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say that it is a dark grayish or brownish field, full of irregular, confused, and ever-shifting lines and cloudings. If the retina has been previously strongly impressed, spectra are seen on this dark background when the eyes are shut. When the eyes are open, the same spectra are seen on the bright ground of the sky or wall, and the difference of the background makes the difference of the color of the spectra in the two cases.
Now the same inherent activity of the retina which produces the sense of a dark field with its confused markings and cloudings, will also, under certain circumstances of peculiar sensitiveness of the retina, as after complete rest in the early morning, give rise spontaneously to more definite spectra, often of beautiful colors. I have often, in bed in the morning, watched with eyes shut these splendid spectra, consisting of a colored patch surrounded with a border of complementary color, each color closing in on the center and so vanishing, while another border commences on the outside to close in in the same way. Thus, just as impressions or images made normally on the retina by actual objects from without are projected into the field of view and seen there as the true signs of objects, even so impressions made on the retina abnormally from within, by the mind or imagination, are also sometimes projected outward, and become the delusive signs of external objects having no existence. It is thus that the diseased brain gives rise to delusive visual phenomena.
Corresponding Points, Retinal and Spatial.-Further, it is evident that every point-every rod or cone-in the retina has its invariable correspondent in the visual field, and vice versa. Moreover, since the central
of the pencil of every radiant point in the external world passes through the nodal point of the crystalline lens, it is evident that these lines must cross each other there. In other words, the lines forming correspondent points in space and on the retina cross each other in the nodal point, and therefore the positions of these correspondent points, external and internal, are completely reversed. Thus not only are the retinal images inverted, but the relative positions of these images are inverted, and the position of every focal point is the inverse of its correspondent radiant point. It is obvious, then, that the left half of the retina corresponds with the right half of the field of view, and the right half of the former to the left half of the latter; and so also the upper half of the former corresponds to the lower half of the latter, and the lower half of the former to the upper half of the latter.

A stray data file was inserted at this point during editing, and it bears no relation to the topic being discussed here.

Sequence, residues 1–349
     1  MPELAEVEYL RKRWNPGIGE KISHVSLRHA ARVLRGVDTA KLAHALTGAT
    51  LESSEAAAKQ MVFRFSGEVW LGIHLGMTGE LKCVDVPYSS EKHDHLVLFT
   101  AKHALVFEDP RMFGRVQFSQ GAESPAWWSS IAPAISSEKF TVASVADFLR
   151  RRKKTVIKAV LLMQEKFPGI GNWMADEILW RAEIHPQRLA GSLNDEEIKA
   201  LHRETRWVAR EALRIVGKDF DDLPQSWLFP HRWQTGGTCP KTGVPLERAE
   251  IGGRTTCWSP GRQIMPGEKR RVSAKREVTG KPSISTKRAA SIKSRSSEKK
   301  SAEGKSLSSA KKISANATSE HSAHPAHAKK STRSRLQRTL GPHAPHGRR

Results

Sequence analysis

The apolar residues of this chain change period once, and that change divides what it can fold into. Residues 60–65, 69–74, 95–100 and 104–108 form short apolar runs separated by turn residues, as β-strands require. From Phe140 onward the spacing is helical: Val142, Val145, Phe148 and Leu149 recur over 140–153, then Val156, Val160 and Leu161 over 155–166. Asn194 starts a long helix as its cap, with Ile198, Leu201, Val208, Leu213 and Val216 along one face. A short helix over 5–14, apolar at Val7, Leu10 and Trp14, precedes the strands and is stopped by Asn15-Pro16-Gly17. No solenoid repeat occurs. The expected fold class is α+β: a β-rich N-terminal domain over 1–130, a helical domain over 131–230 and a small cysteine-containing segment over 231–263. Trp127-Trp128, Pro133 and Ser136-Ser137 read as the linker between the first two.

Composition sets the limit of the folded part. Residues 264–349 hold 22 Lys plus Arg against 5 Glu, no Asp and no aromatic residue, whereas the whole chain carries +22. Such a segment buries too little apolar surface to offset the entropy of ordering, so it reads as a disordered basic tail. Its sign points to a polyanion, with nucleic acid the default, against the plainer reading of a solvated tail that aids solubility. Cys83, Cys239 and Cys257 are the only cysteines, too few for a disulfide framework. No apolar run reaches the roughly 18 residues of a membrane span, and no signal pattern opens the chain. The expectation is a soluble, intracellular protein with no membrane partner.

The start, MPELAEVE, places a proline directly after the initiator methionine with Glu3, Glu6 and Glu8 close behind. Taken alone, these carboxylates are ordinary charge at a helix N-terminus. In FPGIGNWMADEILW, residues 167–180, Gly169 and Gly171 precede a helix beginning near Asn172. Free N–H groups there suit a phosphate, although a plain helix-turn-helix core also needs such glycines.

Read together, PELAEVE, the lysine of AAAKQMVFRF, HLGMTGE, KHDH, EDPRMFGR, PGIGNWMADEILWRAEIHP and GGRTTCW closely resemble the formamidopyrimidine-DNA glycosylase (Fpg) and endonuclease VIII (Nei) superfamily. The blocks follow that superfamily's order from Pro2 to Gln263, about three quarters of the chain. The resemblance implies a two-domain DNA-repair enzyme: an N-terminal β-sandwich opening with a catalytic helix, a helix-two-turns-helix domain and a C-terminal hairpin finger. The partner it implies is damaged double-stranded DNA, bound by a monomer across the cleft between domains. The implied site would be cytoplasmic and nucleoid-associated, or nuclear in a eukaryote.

There are some peculiarities of vision which we are now prepared to explain.
1. Properties of the Central Spot, and of its Representative in the Visual Field.-We have already stated that there are two spots on the retina where the constituent layers do not all exist. The central spot is destitute of all except the bacillary layer; the blind spot, of all except the fibrous layer.
The central spot (macula centralis) is a small depression not more than one thirtieth of an inch in diameter, situated directly in the axis of the eye, or what might be called the south pole of this globe. It differs from other parts of the retina (a) by wanting the fibrous and granular layers; therefore the retina is much thinner there, and the spot is consequently pit-shaped, and on this account is often called the fovea centralis, or central pit. Of course, the absence of other layers exposes the bacillary layer here to the direct action of light. It differs again (6) by the presence of a pale-yellow coloring
matter in the retinal substance; hence it is sometimes called macula lutea—the yellow spot. It differs, again, (c) in a finer organization than any other part of the retina. The bacillary layer here consists only of cones, and these are far smaller, and therefore more numerous, than elsewhere; being here, as already seen (page 58), only totoo of an inch in diameter.